OK, so no pictures, but my latest cooking experiment, a quick way of jazzing up Asian egg noodles when the cupboard is (nearly) bare. This goes well with strong-tasting dishes (I wouldn’t advise serving it with something bland, as it’s somewhat bland itself).
- 2 nests (half a packet) egg noodles
- 1 teaspoon ground ginger
- 1 tablespoon chili-garlic sauce
- 1 tablespoon fish sauce, OR a solid pinch of salt, OR 1 tablespoon oyster sauce (slightly different effects depending on what you use for salt content).
- 1 tablespoon sesame oil
- 1 garlic clove, chopped (or to taste)
- handful of spring onions, green and white part separately, chopped into little pieces
- Cook the noodles in boiling water. There’s a trick to that if you don’t want an unholy tangled mess, which, first, take the nests from the wrapper and comb through them to untangle (do NOT dump into the boiling water tangled, or it will only get worse). Second, after you dump the noodles into boiling water, stir regularly, until the boiling starts again. Should be 2 minutes. Don’t leave more than that, or they get over-soggy. Then rinse the noodles under running water until most of the starch has gone away (it’s hard to describe; but mostly the noodles don’t feel quite so sticky). Keep untangling as you can. Personally, I’ve never quite managed to keep them separate, but that probably reflects more on my general cooking skills than anything else. If you’re not going to use the noodles straight away, leave them in cold water until needed.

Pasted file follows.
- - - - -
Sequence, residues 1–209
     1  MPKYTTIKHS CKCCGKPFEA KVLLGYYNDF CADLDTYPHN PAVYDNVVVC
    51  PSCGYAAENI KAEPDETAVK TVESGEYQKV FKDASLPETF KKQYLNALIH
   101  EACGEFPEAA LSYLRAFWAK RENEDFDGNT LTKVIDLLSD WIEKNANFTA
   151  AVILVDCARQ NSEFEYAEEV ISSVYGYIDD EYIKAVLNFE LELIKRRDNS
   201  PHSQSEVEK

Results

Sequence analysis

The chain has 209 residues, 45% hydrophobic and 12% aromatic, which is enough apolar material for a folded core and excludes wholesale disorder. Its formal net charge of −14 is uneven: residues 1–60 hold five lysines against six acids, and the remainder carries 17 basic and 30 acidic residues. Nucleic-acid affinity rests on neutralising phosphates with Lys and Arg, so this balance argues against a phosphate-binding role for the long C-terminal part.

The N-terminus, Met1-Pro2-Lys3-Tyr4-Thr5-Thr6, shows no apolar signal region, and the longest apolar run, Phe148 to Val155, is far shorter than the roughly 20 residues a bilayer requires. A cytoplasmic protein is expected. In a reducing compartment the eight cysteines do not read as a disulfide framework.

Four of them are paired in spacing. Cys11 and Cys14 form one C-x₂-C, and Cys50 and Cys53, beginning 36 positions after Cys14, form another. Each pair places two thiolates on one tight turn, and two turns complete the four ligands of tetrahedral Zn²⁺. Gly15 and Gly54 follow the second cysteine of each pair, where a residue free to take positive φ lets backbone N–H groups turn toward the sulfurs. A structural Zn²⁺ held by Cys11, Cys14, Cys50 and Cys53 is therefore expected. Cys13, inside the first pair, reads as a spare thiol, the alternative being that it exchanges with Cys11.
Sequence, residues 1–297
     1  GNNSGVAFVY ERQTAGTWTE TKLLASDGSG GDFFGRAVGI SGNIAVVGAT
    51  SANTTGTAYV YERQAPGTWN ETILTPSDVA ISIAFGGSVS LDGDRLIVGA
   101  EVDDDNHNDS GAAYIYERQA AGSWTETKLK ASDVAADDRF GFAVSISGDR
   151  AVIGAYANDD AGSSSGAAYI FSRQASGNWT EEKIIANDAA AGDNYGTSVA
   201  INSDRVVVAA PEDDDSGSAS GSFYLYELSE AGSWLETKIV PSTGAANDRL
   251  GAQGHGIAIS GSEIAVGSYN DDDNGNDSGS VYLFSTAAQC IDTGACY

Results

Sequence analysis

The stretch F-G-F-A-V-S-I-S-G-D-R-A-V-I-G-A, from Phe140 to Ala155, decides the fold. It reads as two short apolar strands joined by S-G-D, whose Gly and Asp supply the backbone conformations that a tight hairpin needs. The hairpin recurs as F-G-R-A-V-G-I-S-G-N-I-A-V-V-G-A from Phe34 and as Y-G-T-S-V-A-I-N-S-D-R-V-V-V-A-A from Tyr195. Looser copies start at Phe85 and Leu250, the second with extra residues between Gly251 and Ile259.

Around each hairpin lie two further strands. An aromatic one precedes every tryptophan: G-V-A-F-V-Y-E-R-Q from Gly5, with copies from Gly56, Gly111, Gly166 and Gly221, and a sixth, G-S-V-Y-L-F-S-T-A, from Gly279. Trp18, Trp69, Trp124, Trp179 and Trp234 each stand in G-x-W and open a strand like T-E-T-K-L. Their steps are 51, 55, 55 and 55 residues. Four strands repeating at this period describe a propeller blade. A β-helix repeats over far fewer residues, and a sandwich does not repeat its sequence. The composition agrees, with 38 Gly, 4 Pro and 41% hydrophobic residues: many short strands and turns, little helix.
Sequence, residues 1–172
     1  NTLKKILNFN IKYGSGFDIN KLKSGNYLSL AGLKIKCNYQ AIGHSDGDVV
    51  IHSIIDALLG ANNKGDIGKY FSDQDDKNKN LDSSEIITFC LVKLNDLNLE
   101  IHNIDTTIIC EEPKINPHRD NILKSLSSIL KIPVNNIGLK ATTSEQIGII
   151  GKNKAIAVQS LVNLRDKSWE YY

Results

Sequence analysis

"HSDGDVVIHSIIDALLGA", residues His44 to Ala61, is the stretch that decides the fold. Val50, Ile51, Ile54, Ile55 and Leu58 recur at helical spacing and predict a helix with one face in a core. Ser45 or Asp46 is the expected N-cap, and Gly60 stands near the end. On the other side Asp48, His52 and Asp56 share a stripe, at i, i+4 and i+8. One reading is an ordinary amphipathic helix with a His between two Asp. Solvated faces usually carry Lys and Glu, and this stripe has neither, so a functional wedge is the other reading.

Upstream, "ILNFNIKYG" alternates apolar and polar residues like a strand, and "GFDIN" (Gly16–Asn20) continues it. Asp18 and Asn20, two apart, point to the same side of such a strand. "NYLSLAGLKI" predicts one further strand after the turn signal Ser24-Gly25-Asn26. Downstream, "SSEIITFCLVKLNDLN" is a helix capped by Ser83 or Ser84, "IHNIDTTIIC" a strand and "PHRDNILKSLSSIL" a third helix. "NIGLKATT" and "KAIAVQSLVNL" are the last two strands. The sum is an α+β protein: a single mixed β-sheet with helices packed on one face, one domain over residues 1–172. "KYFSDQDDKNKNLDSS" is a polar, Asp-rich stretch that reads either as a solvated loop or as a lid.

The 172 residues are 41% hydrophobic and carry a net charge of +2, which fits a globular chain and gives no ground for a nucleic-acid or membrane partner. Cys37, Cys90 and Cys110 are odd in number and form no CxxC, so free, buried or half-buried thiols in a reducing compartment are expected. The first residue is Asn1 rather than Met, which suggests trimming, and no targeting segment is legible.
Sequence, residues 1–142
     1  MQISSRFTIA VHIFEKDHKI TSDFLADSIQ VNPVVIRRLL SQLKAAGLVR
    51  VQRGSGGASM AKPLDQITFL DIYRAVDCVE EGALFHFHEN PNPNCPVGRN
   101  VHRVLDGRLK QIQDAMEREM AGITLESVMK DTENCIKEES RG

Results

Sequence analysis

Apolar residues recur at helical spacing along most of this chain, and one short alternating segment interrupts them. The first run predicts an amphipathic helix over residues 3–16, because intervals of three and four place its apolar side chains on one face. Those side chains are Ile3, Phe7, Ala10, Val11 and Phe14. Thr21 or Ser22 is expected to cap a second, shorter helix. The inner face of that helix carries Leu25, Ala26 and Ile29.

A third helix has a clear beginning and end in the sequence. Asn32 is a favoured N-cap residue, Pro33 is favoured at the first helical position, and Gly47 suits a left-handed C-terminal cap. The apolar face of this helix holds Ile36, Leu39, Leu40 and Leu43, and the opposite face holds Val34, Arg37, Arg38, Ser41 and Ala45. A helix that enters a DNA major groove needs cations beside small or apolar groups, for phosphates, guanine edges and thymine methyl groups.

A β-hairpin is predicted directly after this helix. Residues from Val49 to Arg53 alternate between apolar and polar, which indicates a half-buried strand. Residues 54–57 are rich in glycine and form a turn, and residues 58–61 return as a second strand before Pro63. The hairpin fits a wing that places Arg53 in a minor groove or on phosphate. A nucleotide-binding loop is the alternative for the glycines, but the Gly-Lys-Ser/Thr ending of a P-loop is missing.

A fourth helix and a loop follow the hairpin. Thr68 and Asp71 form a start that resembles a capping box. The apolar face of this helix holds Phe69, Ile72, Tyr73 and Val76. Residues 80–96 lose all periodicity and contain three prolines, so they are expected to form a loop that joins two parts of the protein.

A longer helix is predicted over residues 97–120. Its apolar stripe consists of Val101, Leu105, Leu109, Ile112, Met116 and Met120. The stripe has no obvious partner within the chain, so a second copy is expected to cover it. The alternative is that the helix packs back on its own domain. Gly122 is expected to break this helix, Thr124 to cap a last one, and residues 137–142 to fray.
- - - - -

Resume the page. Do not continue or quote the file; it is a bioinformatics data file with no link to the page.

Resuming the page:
- Put a wok/frying pan with oil on high heat. Add the chopped garlic, the white part of the green onions, and fry for about 30s, until fragrant.
- Drain the noodles, and put them in the wok. Swirl and keep untangling. Work in the chili-garlic sauce, the fish sauce/salt, and the ground ginger, making sure to mix well so all noodles get equal amounts of spices. Do this until the moisture is all but gone and the noodles are starting to brown. Then add in the spring onions, work in the sesame oil, and take off the heat.
- Serve with a dish with a strong taste, as they’re still somewhat bland (it’s a bit my equivalent of white rice for egg noodles).
Also, having been hit by real life (again), this blog is going to remain in sort of in zombie mode for one further week. I could say I’m getting lots of fascinating ideas for blog posts, but mostly all I want now is some chocolate, a hot tea and a silly movie.
PS: btw, how many readers of this blog would be interested in a post on basic rice handling and cooking? I’ve never done it because it seems so obvious and I’ve been doing this my entire life, but it seems wrong to post so many Asian recipes and never tackle this at all… (hint: it is NOT about boiling a lot of water with a pinch of salt, flinging the rice in it, and cooking until the grains are perfectly separate).